But now, armed with a wealth of knowledge, I fear the day when I must confront a similar situation again. When I can understand the disease, interpret results, and foresee the future. It is both a power and a curse.

Some day in the distant future, when all of my family members turn to me for guidance in those dark hours asking those questions that nobody ever wants to ask or answer - “How is he doing? Will he get better? What can we do?” - I hope I have the courage to say what is right.

Why It’s Insanely Easy to Hack Hospital Equipment

When Scott Erven was given free reign to roam through all of the medical equipment used at a chain of large midwest health care facilities, he knew he would find security problems with the systems — but he wasn’t prepared for just how bad it would be.

It only took 35 years for flesh-eating bacteria to become an infectious terror

All it took for flesh-eating bacteria to go from harmless organisms to gruesome infectious pathogens was four mutations and about 35 years. That’s what an international group of researchers announced today in a study that outside experts are calling the largest bacterial genome paper ever published.

Map of Vaccine-Preventable Outbreaks

The Global Health Program at the Council on Foreign Relations has been tracking news reports since 2008 to produce an interactive map that plots global outbreaks of diseases that are easily prevented by inexpensive and effective vaccines. These diseases include measles, mumps, whooping cough, polio, and rubella.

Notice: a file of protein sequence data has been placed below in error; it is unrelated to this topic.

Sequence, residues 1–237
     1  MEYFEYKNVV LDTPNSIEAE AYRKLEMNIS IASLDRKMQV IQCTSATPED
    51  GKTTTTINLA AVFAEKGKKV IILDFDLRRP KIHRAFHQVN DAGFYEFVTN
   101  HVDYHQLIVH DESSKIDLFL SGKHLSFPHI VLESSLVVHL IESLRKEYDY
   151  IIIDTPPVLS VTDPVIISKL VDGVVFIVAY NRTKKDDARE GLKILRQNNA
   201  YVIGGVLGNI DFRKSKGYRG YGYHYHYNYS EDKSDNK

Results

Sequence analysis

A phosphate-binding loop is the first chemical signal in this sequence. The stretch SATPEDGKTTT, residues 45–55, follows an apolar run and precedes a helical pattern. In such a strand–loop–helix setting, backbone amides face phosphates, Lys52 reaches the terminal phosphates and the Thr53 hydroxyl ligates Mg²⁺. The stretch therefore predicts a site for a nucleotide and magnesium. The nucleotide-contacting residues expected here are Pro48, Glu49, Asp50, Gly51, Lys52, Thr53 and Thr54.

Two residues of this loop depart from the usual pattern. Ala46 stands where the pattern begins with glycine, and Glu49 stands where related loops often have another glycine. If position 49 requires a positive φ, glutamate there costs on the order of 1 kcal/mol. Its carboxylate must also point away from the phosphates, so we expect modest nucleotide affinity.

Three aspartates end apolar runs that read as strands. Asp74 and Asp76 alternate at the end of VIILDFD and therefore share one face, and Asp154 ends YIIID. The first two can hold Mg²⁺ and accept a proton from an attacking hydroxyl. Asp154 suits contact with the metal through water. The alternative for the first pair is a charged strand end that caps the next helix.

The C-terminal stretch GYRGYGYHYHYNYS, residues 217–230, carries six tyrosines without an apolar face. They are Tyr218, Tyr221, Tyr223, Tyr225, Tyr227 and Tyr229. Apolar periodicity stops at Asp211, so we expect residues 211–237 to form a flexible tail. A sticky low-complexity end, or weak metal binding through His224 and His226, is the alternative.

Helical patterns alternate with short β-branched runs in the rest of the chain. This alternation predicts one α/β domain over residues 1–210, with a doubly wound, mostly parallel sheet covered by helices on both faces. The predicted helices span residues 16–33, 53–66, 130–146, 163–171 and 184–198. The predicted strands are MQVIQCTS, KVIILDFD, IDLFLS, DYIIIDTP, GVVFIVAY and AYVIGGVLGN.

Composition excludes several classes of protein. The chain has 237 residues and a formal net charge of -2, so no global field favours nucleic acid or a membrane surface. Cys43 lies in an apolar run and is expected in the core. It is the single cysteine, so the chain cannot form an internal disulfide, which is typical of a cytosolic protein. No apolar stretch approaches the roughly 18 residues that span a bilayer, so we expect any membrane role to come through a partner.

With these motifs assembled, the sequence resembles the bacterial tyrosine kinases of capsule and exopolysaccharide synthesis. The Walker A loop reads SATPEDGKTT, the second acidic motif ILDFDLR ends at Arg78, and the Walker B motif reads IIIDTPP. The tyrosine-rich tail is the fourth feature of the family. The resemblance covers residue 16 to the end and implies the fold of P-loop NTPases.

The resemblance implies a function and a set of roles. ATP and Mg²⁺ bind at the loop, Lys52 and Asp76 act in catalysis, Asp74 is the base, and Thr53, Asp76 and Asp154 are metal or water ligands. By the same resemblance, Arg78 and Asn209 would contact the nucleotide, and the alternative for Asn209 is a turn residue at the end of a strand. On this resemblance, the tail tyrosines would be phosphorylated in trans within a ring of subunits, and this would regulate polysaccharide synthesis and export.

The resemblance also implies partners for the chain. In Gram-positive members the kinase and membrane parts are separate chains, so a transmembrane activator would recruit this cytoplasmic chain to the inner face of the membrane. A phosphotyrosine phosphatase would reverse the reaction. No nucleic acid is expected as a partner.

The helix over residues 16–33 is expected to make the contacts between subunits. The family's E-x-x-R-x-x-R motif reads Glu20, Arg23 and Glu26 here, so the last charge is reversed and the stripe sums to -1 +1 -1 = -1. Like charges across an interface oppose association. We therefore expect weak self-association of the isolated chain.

A Precarious Situation.
James Valentine, 21, was trimming a tree at an awkward angle when the chainsaw he was using kicked back and lodged in his neck, narrowly missing his vital vessels.
The blade sawed into flesh instead of wood. Valentine’s co-workers were able to detach the blade from its motor, but they left the blade and chain where it was — in Valentine, about a quarter of an inch from the carotid artery that supplies blood to the head — and they held the blade in place until emergency responders arrived.
On the ambulance ride to Allegheny General Hospital in Pittsburgh, Valentine was awake and alert, according to hospital spokeswoman Jennifer Davis.
The hospital’s director of trauma, Dr. Christine Toevs, said the trauma unit had 10 minutes to prepare — to get ready for a man coming up with a chainsaw blade in his neck.

A Precarious Situation.

James Valentine, 21, was trimming a tree at an awkward angle when the chainsaw he was using kicked back and lodged in his neck, narrowly missing his vital vessels.

The blade sawed into flesh instead of wood. Valentine’s co-workers were able to detach the blade from its motor, but they left the blade and chain where it was — in Valentine, about a quarter of an inch from the carotid artery that supplies blood to the head — and they held the blade in place until emergency responders arrived.

On the ambulance ride to Allegheny General Hospital in Pittsburgh, Valentine was awake and alert, according to hospital spokeswoman Jennifer Davis.

The hospital’s director of trauma, Dr. Christine Toevs, said the trauma unit had 10 minutes to prepare — to get ready for a man coming up with a chainsaw blade in his neck.

'Heart sock' could replace future implantable defibrillators

Implantable defibrillators and pacemakers have been around since the 1970s, but advances in materials science and 3-D visualization are transforming them from cumbersome life-support tools into streamlined therapies that could be props from Iron Man.